The all-new Creta and all-new Staria are at the forefront of Hyundai’s fresh offerings for the Philippine market. The all-new Creta is a premium B-segment SUV that is based on Hyundai’s new ‘Sensuous Sportiness’ design language. It has a strong, bold and an elegant design, which is now the hallmark of a flagship SUV. Equipped with a 1.5-liter Smartstream engine and paired with an improved CVT transmission, these new technologies promise a smoother and fuel-efficient ride without compromising power output.

For those looking for VIP comfort, the all-new Staria features a bold and futuristic exterior design featuring a “Lounge” concept with its lower beltline and taller vehicle height, giving it a sense of openness. It provides passengers the freedom of space and the ability to comfortably position themselves to their liking.

The 7-seater premium variant comes with exclusive design elements, smart sliding doors, smart power tailgate, dual sunroofs and loads of active safety features. The 11-seater commuter variant and a 3-seater cargo variant has twin swinging doors, both of which are perfect for those in need of reliable haulers for their businesses.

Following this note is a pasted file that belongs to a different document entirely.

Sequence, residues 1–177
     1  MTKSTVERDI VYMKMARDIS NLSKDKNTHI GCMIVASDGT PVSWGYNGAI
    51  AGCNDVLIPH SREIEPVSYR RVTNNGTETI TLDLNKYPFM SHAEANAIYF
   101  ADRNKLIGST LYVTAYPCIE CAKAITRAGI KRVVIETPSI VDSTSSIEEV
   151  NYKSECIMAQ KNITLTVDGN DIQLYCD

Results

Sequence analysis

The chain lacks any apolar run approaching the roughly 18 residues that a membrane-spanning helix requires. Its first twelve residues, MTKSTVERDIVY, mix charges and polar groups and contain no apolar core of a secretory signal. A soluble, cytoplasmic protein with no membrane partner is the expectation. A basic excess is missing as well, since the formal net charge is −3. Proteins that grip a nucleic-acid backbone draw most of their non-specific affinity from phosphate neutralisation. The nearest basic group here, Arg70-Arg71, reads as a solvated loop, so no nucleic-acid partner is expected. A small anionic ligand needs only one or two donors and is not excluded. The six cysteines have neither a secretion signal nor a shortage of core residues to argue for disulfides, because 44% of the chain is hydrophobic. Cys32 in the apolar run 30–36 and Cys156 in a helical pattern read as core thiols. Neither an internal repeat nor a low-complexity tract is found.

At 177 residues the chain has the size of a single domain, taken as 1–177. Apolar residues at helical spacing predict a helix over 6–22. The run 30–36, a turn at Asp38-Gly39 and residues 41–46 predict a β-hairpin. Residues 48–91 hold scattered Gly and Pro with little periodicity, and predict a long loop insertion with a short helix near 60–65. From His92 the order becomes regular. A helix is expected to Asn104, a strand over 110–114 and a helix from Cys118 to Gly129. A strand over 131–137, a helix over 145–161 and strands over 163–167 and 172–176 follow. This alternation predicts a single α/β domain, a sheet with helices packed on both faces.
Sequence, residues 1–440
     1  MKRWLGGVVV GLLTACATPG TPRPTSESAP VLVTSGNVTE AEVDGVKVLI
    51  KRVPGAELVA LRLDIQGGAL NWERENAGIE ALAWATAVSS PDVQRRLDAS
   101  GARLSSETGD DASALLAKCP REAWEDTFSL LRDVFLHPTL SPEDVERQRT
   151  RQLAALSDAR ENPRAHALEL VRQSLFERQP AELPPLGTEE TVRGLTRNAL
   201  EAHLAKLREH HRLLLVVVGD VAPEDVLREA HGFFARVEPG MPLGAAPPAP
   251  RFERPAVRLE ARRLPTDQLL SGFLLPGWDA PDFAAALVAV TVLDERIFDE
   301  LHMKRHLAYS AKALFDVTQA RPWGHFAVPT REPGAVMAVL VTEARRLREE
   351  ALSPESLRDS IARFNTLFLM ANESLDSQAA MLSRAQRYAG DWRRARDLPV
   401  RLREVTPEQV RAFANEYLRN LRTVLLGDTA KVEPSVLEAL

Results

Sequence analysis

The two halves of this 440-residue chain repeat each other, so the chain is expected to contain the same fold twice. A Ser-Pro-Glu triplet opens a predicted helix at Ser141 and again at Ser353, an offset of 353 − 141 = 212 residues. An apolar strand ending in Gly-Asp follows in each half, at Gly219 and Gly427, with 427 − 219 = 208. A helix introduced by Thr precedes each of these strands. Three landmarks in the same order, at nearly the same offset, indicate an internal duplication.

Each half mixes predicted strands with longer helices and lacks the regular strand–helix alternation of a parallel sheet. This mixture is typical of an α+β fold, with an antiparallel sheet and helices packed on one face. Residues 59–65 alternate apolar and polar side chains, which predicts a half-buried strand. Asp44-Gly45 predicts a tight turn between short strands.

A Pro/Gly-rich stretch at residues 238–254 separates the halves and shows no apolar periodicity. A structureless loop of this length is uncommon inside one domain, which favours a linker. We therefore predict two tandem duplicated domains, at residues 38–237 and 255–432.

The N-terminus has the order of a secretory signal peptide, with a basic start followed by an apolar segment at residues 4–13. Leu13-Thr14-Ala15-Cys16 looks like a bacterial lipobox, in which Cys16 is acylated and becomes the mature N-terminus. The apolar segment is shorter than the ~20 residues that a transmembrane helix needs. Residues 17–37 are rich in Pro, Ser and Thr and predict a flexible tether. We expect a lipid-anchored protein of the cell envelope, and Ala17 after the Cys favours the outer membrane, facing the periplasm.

Hyundai’s most recognizable marques, the Tucson and Santa Fe, also got cosmetic and performance updates. the long wheelbase gives passengers extra legroom for a more comfortable ride. Under the hood, the Tucson now has a shift-by-wire automatic transmission that, when paired with its great engine, delivers a fun driving experience.

The new Santa Fe exudes a premium look inside and out, thanks to design cues and features that cater to even the most fastidious car afficionados. The new Santa Fe uses a new modular Gen 3 platform for optimized driving performance. It is also equipped with the Smartstream 2.2 diesel engine mated to 8-speed wet DCT, a first in Hyundai’s SUVs.

What’s next for Hyundai?

Major plans are in the works for HMPH to shake up the market and steer consumers’ attention to the brand. A key component of this drive is a nationwide service campaign and warranty program that aims to highlight the brand’s improved after sales. To better reach more customers, the company will be expanding its dealer network from 38 to 45 by 2023.